The morning sun peaked up from the edges of the city, another sleepless night coming to a close.
Sunrises in Arcadia really were the best. Not that he had been anywhere else. Traveling outside of the town's perimeters was forbidden. It had been a quiet watch for the teen, which was rare, considering the company he kept.
It was chance that he stumbled on the scene. Normally he was inside by this point, away from prying human eyes, however, something made him stray from his usual routine.
Perhaps it was boredom. After all, Atlas had little to do at the Janus Order outside of his regular duties. He could have trained, he supposed, but that would mean getting beaten within an inch of his life (changelings did not pull their punches) and he was already smacked around enough in his daily life.
So, when he came upon the fight between Bular and the Trollhunter in the canals, suffice to say, he got a little sidetracked.
He felt for the Trollhunter, he really did. Bular was a monster in every sense of the word. Even now, nearly six years later, he still shuddered in fear whenever he crossed paths with the troll. It was no surprise to anyone at the Order that when Bular showed up, Atlas was out.
Still, the Trollhunter held his own, better really.
“A Trollhunter never yields.”
Atlas resisted the urge to roll his eyes, because in all honestly, who said that in real life?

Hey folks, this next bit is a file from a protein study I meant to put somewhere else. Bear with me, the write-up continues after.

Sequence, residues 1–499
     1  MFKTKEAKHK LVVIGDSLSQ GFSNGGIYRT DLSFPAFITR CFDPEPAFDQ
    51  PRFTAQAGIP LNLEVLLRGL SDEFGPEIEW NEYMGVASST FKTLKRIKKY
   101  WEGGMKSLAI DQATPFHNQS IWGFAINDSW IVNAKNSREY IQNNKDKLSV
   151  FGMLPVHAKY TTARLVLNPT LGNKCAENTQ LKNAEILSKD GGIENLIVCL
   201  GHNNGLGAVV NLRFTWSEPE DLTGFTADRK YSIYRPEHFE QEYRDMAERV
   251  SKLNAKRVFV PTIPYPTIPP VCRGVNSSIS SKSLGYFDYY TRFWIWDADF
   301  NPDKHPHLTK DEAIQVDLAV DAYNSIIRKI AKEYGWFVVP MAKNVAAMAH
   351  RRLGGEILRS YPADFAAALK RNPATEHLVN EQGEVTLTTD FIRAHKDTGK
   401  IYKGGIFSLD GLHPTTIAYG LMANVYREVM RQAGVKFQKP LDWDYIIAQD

Wait. Scratch that. The image of his mentor came to mind.
Pulling out his snack, the boy watched in open curiosity as the fight continued. The leaves kept him hidden from view of the trolls thankfully. Not that they would have noticed. Both trolls were completely engrossed with killing each other.
Atlas had to hand it to the Trollhunter. He was a formidable fighter, able to match most of his blows with the larger troll. Still, matching was not winning.
Bular kicked the other away, the Trollhunter’s sword ripped from his grasp, sliding underneath the morning light. Atlas winced when the Trollhunter went for it, his hand burned by the sunlight. That had to have hurt.
His fingers itched to help, to throw the poor troll some sort of bone, but he knew it would be all for not.
The Trollhunter would probably have balked at his offer anyway. Atlas frowned, looking down at his smaller claws. He was just some changeling’s bastard, the unfortunate offspring of a human and changeling. As a hybrid, he was useless. At best, he would simply be a minor distraction, another reason for Gunmar’s son to kill him. At worst, he would be killed before he even entered the battlefield. While fast, he was considerably weaker, lacking the monstrous strength, durability, and access to magic that other trolls had.